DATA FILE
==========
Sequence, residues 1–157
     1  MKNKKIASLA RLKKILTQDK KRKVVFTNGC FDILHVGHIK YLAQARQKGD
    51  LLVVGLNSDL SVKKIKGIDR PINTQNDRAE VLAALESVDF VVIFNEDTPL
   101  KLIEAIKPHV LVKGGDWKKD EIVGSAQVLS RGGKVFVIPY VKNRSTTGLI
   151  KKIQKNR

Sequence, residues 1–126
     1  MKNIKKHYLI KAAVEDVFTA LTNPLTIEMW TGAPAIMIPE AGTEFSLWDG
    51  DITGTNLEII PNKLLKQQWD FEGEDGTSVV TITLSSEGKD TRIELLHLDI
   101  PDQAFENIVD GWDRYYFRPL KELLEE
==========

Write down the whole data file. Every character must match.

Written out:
Sequence, residues 1–157
     1  MKNKKIASLA RLKKILTQDK KRKVVFTNGC FDILHVGHIK YLAQARQKGD
    51  LLVVGLNSDL SVKKIKGIDR PINTQNDRAE VLAALESVDF VVIFNEDTPL
   101  KLIEAIKPHV LVKGGDWKKD EIVGSAQVLS RGGKVFVIPY VKNRSTTGLI
   151  KKIQKNR

Sequence, residues 1–126
     1  MKNIKKHYLI KAAVEDVFTA LTNPLTIEMW TGAPAIMIPE AGTEFSLWDG
    51  DITGTNLEII PNKLLKQQWD FEGEDGTSVV TITLSSEGKD TRIELLHLDI
   101  PDQAFENIVD GWDRYYFRPL KELLEE